Under Pressure by Frank Herbert
This book is also known as "Dragon In The Sea". It is a rather short novel.
It's interesting that this book was published in 1956, many years before much attention was paid to ecological issues or "the energy crisis". Yet, the premise of the story is that it's maybe the 2030's and the US petroleum fields are more or less dry. The US has taken to using military submarines to sneak into the territorial waters of enemy nations (Russia, etc.) and stealing oil from underwater wells, then transporting it back to the US.
A lot of SF from the 1950's portrayed a future world where everything would be run by atomic energy. Somehow, Herbert ended up writing a book in which atomic powered submarines were used to steal oil, which is the primary energy source.
The other countries have become aware of the submarine missions to take their oil, and they have responded with their own ships hunting for the US subs. They are also believed to be using secret agents to stop the submarines. At the beginning of the book, we are told the last 20 missions by US subs to steal oil have been lost.
Most of the story takes place on one of these four-man submarines on a mission to steal oil. One of the crewmen, Ramsey, has been put there by the military to keep track of things. Ramsey works for the psychology division of the military. His job is to get an understanding of the psychiatric problems plaguing the submarine service and, also, do some security work while posing as the sub's electronics officer.
The captain of the sub is believed to have potentially dangerous psychological issues and there may be an enemy agent in the crew. Once the submarine gets under way, sabotage is discovered and the sub is being heavily pursued by enemy ships. What follows is work to correct sabotage, suspicion among the crew as to who might be responsible, and a combination of chases and "hide and seek" between the US sub and its opponents.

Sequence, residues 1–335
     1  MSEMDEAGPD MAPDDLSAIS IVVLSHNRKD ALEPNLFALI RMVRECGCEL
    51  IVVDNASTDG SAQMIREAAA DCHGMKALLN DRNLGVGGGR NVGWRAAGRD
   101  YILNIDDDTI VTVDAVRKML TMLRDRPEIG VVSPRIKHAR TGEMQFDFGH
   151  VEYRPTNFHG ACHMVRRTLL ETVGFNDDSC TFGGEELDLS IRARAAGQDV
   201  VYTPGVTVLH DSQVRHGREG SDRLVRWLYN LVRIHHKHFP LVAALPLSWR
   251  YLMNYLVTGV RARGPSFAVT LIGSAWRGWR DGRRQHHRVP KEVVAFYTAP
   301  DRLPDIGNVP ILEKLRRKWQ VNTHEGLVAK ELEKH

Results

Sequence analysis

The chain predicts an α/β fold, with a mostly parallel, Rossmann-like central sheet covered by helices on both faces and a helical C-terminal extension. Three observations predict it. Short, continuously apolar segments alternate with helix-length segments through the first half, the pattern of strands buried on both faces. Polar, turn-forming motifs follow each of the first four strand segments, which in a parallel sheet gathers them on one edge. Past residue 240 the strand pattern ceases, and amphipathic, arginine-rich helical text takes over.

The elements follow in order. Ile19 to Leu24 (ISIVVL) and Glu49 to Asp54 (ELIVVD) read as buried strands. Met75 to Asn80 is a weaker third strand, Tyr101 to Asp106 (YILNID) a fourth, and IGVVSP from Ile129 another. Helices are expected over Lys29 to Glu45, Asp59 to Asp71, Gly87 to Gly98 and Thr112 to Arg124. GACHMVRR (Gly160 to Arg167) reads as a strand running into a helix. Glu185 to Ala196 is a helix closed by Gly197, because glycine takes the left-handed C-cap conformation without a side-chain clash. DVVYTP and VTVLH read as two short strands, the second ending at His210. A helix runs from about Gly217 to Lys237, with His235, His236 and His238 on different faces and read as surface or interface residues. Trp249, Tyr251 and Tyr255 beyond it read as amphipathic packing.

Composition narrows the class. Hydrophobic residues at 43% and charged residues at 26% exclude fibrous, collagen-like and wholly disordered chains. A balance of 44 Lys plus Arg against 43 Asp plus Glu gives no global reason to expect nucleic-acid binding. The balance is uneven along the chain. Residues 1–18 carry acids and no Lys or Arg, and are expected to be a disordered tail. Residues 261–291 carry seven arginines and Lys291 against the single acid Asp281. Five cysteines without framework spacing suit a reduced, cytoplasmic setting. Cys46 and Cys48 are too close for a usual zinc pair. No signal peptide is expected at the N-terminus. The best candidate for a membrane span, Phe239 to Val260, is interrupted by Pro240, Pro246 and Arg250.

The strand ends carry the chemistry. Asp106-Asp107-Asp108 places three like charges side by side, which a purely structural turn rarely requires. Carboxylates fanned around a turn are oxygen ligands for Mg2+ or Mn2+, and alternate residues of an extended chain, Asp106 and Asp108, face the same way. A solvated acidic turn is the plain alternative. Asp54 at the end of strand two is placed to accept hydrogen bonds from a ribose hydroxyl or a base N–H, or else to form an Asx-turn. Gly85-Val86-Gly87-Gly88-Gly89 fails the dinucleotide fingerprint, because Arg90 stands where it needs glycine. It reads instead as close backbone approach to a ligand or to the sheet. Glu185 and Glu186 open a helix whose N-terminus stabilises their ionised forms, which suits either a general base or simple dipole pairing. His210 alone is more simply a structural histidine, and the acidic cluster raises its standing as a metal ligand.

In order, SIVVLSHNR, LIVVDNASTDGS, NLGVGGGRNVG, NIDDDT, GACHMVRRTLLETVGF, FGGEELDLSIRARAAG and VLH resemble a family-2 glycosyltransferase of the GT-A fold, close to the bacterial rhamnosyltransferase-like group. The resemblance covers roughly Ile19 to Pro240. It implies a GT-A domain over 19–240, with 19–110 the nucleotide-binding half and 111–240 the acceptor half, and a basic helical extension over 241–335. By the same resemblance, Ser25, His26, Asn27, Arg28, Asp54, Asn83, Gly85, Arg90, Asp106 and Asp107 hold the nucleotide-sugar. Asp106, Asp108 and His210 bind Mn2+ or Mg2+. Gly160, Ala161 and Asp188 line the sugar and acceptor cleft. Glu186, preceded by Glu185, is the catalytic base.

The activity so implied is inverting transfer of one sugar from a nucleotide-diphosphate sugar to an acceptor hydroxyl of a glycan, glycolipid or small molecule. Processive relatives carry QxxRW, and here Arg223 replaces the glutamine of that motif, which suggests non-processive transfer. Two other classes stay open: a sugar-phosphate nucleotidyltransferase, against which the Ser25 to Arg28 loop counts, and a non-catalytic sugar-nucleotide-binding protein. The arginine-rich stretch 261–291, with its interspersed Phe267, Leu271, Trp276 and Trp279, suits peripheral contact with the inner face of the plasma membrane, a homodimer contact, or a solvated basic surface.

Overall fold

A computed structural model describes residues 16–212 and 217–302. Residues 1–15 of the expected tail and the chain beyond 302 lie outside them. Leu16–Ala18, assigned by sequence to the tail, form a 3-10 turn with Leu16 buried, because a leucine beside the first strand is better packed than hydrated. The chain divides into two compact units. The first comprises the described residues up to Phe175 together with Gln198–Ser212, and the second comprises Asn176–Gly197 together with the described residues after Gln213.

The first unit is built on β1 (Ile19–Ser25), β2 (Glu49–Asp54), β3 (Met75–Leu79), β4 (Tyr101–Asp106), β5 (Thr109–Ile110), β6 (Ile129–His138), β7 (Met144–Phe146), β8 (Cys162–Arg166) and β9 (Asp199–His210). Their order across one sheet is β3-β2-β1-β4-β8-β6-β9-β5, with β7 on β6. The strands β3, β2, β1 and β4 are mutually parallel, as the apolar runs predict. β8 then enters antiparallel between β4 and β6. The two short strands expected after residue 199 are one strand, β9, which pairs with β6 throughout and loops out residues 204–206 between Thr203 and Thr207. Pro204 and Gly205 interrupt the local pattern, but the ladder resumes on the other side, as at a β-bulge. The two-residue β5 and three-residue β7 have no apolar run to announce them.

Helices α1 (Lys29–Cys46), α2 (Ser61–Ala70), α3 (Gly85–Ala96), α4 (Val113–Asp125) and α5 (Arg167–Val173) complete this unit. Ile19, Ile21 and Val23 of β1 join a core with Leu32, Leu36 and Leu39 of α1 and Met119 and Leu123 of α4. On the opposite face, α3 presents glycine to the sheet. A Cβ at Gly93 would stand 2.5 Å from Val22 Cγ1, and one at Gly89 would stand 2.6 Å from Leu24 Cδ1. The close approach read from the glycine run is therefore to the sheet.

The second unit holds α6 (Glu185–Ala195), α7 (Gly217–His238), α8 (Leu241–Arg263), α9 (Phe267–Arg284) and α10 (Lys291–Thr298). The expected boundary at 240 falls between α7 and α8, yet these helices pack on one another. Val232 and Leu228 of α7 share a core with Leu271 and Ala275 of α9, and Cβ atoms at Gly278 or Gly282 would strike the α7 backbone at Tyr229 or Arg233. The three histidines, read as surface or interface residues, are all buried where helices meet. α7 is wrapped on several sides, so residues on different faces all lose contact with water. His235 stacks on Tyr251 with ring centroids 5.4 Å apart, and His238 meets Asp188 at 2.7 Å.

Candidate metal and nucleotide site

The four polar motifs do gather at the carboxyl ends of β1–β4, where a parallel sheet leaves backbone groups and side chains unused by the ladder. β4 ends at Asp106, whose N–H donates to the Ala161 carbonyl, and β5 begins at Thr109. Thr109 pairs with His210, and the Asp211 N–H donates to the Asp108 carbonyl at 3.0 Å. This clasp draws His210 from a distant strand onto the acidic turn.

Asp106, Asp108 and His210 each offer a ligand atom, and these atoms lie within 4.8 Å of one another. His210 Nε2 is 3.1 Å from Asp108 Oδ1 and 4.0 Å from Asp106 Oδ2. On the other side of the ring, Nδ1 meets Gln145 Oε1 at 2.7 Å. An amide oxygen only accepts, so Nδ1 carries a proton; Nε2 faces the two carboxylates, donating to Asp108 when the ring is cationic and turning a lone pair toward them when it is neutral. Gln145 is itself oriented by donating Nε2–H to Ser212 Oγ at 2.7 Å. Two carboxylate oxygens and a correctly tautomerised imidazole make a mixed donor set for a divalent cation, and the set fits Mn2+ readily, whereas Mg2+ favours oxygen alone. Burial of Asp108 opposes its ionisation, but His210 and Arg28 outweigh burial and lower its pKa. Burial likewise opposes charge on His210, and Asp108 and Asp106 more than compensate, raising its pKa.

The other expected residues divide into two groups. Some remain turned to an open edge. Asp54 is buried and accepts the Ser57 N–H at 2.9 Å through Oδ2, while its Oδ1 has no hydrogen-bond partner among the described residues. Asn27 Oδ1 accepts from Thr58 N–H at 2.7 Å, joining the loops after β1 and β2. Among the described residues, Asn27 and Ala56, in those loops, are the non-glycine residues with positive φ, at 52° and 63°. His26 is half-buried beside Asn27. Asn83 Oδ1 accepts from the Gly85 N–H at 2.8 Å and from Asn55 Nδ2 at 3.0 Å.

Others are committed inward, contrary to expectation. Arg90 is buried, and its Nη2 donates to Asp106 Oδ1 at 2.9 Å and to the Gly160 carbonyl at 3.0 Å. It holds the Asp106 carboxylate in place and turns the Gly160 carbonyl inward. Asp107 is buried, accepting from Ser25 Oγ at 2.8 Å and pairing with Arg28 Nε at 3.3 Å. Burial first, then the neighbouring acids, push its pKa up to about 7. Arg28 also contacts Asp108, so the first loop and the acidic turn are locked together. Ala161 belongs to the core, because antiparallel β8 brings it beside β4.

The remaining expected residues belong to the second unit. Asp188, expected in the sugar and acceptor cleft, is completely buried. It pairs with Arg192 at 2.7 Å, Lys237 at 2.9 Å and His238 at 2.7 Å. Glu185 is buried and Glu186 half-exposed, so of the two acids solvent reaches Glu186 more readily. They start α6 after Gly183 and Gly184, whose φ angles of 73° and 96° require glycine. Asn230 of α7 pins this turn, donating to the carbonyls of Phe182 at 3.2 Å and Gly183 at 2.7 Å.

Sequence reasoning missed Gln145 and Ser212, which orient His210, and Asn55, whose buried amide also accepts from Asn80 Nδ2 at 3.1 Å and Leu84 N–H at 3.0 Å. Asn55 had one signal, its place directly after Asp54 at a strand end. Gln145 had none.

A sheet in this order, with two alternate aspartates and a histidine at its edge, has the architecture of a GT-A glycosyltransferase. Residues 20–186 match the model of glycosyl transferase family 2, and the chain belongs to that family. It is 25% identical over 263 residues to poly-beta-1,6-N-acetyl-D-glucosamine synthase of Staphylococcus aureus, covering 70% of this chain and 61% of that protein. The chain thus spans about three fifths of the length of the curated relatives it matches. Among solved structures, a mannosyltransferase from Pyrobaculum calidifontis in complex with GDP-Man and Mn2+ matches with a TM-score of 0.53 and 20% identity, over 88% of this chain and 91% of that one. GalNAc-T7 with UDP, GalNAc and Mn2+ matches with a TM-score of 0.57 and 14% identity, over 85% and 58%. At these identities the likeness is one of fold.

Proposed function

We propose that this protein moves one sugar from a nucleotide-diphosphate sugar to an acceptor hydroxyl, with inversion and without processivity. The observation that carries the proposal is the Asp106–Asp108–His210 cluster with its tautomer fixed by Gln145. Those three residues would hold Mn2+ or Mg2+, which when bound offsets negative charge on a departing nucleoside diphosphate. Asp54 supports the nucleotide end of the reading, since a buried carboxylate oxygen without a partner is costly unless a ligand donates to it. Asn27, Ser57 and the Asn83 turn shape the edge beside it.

Although the story is set in a later year and there may be some technology that would seem slightly futuristic to today's readers, its science fiction elements are limited. The core of the plot could make it more appealing to readers with a substantial interest in military and espionage stories.
Psychology is a thread going through the book, but I don't know how much readers who aren't in the military or work in psychology will find applies to them. I imagine most readers will find it plays a role as in many works of literature in which psychology is never explicitly referred to. With the possible exception of aliens in SF, fictional characters are human, and therefore subject to human psychology. In mysteries and espionage, there are often characters trying to manipulate others or scheming in ways based on understanding human behavior. Under Pressure discusses psychology more openly, but I think most of it remains internal to the story.
I found the book kept me occupied. However, it won’t be appropriate for all reader when they are looking for “science fiction”.
Having been written over 50 years ago, we can't blame the author for the fact some things in the book have become dated. Nevertheless, be warned: You will encounter crew members doing calculations on slide rulers, working with electronic equipment using vacuum tubes, etc.